Head bent, sketching hit men on a title page, I do my best to let the blur of the convention fall away. A line forms: three people deep, clutching copies of my new graphic novel and waiting for my angular signature and brief sketch to scar their pure, untainted book. Using skills honed while penciling to music at drafting tables, I tune out noise to ensure each book’s owner receives a drawing on par with the level of quality poured into the book—a sequential history of the rise and fall of Murder, Incorporated—and with the research still living in my head, nothing will tear focus from the page, ink and line…
…Until a voice breaks through, stopping my pen, promising one hell of a story. A relative’s connection to one of the book’s gangsters, a momentary brush with Lansky, Lepke, Bugsy, or Waxey. Important enough to tell yet definitely not the first time it’s been told, performed with beats and banter so pitch-perfect either or both have been rehearsed several times before. A story, personal and dear, heard in the neighborhood and carried across the nation to bring a place, an act, a crime to those that have yet to cross its dark, dangerous path.
Capping my pen, I stop to listen. Hell; I’ve always got time for a story.
A personal crime story, like a comic book, is best experienced and traded (in my humble opinion). Picked up in a convention bar or at a panel, possibly accumulated while reading an interview, the personal crime story is perfect when related by one familiar with its native streets. “I knew a guy that knew a guy” proves poor comparison to Uncle Maury, black sheep of the family, who not only knew the guy but also delivered corned beef to his Flatbush Avenue apartment every Thursday afternoon. The story carries weight from the place it was born, evolving not only from those involved, but from the streets, avenues, and city around it.
Years ago, living in Detroit, my friends and I prided ourselves on the fact that we hailed from the Murder Capital of the World (spoken with Honor Capitals, as if discussing the President of the United States). Detroit was dangerous, which meant we, in turn, were dangerous despite the fact that the lot of us were, in fact, short, nervous, and Jewish. But despite the truth, when it came to tales of murder, gangland crimes, or urban intrigue, every Shlomo, Dov, and Heshy in North Oak Park, Michigan, claimed to be the god-given successor to the Purple Gang itself.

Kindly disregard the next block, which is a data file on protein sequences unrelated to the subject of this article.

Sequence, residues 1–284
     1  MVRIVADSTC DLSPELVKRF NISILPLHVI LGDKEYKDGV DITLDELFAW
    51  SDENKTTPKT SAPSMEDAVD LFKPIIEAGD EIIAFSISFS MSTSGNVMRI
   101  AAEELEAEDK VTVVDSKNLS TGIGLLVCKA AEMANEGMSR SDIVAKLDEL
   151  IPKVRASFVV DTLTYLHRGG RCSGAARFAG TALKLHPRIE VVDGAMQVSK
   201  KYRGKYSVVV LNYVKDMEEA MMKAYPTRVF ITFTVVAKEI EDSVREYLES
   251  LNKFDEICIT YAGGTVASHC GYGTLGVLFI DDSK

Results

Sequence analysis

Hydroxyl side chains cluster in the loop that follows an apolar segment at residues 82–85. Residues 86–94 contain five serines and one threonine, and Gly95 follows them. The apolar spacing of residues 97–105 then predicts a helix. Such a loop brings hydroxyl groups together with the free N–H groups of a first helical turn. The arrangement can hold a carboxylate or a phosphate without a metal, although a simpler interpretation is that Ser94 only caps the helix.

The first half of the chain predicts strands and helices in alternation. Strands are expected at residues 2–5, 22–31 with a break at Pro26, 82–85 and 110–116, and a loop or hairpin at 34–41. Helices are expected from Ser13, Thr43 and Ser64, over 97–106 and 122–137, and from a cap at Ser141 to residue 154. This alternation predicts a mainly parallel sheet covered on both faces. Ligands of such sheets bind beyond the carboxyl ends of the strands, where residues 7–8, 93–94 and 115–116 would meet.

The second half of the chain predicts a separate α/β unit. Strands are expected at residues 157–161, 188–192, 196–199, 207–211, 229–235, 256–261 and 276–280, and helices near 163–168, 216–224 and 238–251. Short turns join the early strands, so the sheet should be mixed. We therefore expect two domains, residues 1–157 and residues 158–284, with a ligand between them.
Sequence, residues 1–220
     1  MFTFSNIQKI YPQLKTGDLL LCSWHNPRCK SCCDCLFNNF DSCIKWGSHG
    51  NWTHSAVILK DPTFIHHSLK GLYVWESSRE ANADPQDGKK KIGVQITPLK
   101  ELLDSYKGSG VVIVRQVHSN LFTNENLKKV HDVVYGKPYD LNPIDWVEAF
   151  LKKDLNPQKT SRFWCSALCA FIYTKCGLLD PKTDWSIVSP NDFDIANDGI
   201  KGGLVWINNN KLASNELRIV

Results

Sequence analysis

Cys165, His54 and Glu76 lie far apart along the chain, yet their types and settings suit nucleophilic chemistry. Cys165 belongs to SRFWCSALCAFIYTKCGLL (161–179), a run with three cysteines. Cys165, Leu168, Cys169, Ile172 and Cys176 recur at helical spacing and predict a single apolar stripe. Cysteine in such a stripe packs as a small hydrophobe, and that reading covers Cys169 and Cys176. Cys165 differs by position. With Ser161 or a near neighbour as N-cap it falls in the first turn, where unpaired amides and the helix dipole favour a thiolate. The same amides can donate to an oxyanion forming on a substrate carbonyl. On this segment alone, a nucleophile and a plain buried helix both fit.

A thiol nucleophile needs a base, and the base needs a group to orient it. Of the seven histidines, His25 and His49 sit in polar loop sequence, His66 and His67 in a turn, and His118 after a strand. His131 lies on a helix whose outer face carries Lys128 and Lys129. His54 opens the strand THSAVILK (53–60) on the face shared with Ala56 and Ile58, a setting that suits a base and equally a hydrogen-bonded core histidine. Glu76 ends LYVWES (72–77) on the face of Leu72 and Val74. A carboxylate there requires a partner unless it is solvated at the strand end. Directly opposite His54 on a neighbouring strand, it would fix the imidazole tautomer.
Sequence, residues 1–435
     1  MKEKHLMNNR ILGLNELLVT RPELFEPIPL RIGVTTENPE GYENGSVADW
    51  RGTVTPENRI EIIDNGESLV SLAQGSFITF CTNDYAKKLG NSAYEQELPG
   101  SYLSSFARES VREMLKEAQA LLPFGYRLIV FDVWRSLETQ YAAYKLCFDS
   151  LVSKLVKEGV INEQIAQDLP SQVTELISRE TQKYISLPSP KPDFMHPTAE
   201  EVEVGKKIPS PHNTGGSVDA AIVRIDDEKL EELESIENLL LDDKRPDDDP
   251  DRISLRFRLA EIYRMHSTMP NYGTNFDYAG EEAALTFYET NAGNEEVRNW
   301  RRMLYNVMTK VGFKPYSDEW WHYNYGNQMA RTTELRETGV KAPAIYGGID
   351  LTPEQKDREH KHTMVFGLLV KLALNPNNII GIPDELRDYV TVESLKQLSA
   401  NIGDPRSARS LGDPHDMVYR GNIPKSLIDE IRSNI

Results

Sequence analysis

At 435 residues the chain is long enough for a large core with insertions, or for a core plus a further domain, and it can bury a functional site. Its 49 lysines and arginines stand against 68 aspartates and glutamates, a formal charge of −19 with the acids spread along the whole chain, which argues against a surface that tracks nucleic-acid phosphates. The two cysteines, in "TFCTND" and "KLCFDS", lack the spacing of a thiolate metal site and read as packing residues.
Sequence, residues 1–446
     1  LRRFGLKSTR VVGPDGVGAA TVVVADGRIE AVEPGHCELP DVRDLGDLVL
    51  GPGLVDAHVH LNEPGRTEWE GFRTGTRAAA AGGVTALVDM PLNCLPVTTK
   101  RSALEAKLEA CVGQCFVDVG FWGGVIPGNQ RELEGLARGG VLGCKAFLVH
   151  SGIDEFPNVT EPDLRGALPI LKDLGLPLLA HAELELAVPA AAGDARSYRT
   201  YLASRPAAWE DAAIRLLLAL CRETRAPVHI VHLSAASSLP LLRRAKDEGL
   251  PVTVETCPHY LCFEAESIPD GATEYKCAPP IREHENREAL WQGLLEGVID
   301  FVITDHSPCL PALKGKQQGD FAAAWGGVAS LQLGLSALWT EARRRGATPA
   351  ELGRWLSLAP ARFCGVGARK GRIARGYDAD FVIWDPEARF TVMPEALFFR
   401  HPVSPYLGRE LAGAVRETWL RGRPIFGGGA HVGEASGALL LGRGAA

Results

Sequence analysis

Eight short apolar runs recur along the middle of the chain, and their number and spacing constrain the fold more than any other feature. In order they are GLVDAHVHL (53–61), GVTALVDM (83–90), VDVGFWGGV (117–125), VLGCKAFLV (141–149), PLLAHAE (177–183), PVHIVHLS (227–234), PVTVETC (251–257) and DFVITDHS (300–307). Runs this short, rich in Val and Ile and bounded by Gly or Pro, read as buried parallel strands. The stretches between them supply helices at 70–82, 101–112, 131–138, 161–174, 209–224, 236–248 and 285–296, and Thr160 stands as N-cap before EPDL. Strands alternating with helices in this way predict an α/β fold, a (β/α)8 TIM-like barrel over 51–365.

Dangerous places often breed dangerous stories, and my road to this piece leads through several: from formative the city burned on Devil’s Night (or after sporting events), to recent stomping grounds in both Manhattan and the Bronx, as well as a guarded, memorable trip to Rome. The Eternal City, specifically around the Stazione Colosseo, plays host to gangs of thieving children who distract admiring tourists by holding pieces of cardboard at waist level, hoping their unsuspecting prey stops to read the message charmingly scrawled on its surface in charcoal or crayon. The cardboard, meanwhile, pulls double duty—serving not only as billboard, but also cover for a smaller, quieter child who deftly picks the target’s pocket. Honeymooning with my wife, constantly on my toes, I made sure to keep an eye out for these clever criminals…and while our paths did not cross, I did lead my better half on a panicked, weaving escape through the Roman Metro after picking up two tails that took notice when I stupidly brandished my digital camera in the train station.
Rome, Brooklyn, Chicago, Yonkers, Jerusalem—every place I go, somebody’s got a harrowing story specific to the city I’m in. “This could only happen in Brooklyn.” The city becomes character, invisible narrator, feeding story and labeling it in a way another place, another town, could not. Brownsville and the mean streets of East New York define and inform the story of real-life hood Abe “Kid Twist” Reles much in the way that North New Jersey does fictional hood Anthony Soprano. Any story worth its salt—be it fact or fabrication—lets the local culture, history, and geography of its setting offer structure and atmosphere, allowing characters and narrative to take shape within, naturally evolving from its streets, avenues, and city blocks.